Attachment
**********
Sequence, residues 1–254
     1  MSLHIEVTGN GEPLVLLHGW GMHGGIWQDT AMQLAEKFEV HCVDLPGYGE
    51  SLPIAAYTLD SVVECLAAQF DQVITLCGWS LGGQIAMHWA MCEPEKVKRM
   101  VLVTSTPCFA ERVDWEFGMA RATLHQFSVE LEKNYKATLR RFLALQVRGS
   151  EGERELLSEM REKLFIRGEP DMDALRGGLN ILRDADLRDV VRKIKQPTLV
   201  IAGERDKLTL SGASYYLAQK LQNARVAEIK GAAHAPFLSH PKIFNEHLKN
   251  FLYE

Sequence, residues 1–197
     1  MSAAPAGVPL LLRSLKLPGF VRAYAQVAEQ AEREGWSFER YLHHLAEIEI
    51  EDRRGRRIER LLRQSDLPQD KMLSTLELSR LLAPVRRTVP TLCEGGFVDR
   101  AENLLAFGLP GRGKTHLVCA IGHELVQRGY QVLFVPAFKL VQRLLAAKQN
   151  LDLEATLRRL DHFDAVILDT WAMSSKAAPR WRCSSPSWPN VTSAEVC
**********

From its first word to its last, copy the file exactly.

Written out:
Sequence, residues 1–254
     1  MSLHIEVTGN GEPLVLLHGW GMHGGIWQDT AMQLAEKFEV HCVDLPGYGE
    51  SLPIAAYTLD SVVECLAAQF DQVITLCGWS LGGQIAMHWA MCEPEKVKRM
   101  VLVTSTPCFA ERVDWEFGMA RATLHQFSVE LEKNYKATLR RFLALQVRGS
   151  EGERELLSEM REKLFIRGEP DMDALRGGLN ILRDADLRDV VRKIKQPTLV
   201  IAGERDKLTL SGASYYLAQK LQNARVAEIK GAAHAPFLSH PKIFNEHLKN
   251  FLYE

Sequence, residues 1–197
     1  MSAAPAGVPL LLRSLKLPGF VRAYAQVAEQ AEREGWSFER YLHHLAEIEI
    51  EDRRGRRIER LLRQSDLPQD KMLSTLELSR LLAPVRRTVP TLCEGGFVDR
   101  AENLLAFGLP GRGKTHLVCA IGHELVQRGY QVLFVPAFKL VQRLLAAKQN
   151  LDLEATLRRL DHFDAVILDT WAMSSKAAPR WRCSSPSWPN VTSAEVC